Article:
Josep Arimany Manso.
The period to apply for MIR places has already begun and this year is the first in which the training system for resident medical interns (MIR) will offer places in the specialty of Legal and Forensic Medicine. In total they will be eight seats that, according to some estimates referred to by the president of the National Commission of the specialty of Legal and Forensic Medicine of the Ministry of Health, Josep Arimany Manso, could be one of the specialties that exhausts its places among the first 300 adjudications and, therefore, of the more attractive, even aspiring to unseat Dermatology and Plastic Surgery from the throne of those that were previously exhausted.
Arimany acknowledges in an interview with Medical Writing that the situation of the specialty of Legal and Forensic Medicine “it was critical and it was going to disappear”but with their entry into the MIR training system, the “consolidation of the specialty in the 21st century”. The president of the National Commission for this specialty states that he “didn’t think she was going to be so attractive”, while advancing that she is already working on double the places for next year to 16 because he sees “a great future for Legal and Forensic Medicine and has many career opportunities“.
How did the need arise to create the specialty of Legal and Forensic Medicine?
It is one of the oldest specialties in Spain and with the legislation that has been coming out a great dichotomy had been created. There was the forensic doctor, who is a doctor who is under the orders of the administration of Justice and, therefore, enters the body of forensic doctors with oppositions made by the Ministry of Justice; and then there was Legal Medicine, the specialty itself, which was academic. On the one hand, there were forensic doctors who did practical Legal Medicine and, on the other, theoretical Legal Medicine was done by university students.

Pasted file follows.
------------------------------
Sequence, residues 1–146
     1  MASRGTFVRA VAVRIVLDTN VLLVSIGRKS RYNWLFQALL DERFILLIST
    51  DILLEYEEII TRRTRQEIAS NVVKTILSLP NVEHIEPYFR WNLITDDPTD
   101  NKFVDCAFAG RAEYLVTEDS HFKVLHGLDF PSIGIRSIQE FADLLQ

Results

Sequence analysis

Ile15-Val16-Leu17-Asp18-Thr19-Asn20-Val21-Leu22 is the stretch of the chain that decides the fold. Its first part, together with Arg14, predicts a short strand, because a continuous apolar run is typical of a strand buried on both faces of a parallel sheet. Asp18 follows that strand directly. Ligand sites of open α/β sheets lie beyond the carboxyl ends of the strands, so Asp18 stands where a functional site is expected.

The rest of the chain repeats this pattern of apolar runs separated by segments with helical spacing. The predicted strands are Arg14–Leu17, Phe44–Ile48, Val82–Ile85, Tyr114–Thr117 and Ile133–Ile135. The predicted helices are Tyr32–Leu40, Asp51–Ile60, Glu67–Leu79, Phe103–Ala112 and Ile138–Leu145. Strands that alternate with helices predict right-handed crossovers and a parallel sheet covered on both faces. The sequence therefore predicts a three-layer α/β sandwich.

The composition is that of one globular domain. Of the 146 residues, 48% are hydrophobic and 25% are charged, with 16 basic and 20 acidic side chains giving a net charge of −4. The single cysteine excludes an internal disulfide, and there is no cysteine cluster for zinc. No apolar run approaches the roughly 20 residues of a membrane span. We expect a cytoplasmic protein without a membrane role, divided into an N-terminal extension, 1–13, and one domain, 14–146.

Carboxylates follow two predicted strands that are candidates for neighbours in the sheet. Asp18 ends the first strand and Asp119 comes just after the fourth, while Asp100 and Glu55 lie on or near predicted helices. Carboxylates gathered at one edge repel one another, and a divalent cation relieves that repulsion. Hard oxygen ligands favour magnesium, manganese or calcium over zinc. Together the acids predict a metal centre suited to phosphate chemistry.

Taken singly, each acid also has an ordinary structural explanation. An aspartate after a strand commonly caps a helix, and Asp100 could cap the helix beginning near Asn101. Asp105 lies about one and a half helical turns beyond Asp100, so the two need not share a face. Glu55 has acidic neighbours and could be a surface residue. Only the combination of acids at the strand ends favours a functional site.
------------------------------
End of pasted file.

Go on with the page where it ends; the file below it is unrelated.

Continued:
How was the process to get there?
We have followed the guidelines of the European Union, since the European Council of Legal Medicine asked the Government of Spain that the specialty of Legal and Forensic Medicine should exist and that it had to be done through the system of specialists. We have been working on it for many years, since I was the director of the Institute of Legal Medicine of Catalonia. There was a modification of the Organic Law 6/85 that required to be in possession, apart from the bachelor’s degree or degree, the title of specialist to enter the body of forensic doctors and in 2015 there was another provision. All these provisions have meant that in the end, between the Ministry of Justice and the Ministry of Health, an agreement has been reached and I am delighted. Minister Salvador Illa was very important, who caused Royal Decree 704/2020 to be promulgated by the Council of Ministers, which established access to the title of specialist doctor through the MIR residence system. This changes everything.
What advantages does this novelty offer?
We will have highly trained people since this training is done at the hospital level for two years. It is very important that Legal and Forensic Medicine specialists know a Pediatric or Gynecology Service. Legal and Forensic Medicine is a discipline that covers many topics, such as medical liability, crimes against sexual freedom, autopsies, damage assessment and traffic accident assessment. Having good, well-trained MIRs is very important. In addition, with this modification that was made in the year 90 to enter the body of forensic doctors, it will be a prerequisite that they have the specialty, and this is a great change. In the chairs of Legal Medicine in Spain there is a very important deficit of specialists, therefore, academic life with Legal Medicine is difficult and this will pave the way.
In large hospitals, for example, in the Hospital Clínic de Barcelona, in the Hospital Universitari Vall d’Hebron or in the Hospital Clínico San Carlos, which has one, Legal Medicine units will be created that will advise the hospital, doctors, to doctors and health professionals in all areas and disciplines of Legal Medicine. Many times there are issues of requests from the judges or the application of protocols. Forensic Medicine services have a great future, in terms of statistics, death certification, application of protocols or being in the morbidity and mortality commissions of hospitals. It will allow us to have very well-trained doctors who will be able to have access, instead of the opposition, to a competition-competition that will be held by the Ministry of Justice, and we will share it in Europe.
“With the creation of the specialty, Legal and Forensic Medicine units will be created that will advise hospitals and health professionals”
What knowledge will MIRs who opt for Legal and Forensic Medicine acquire?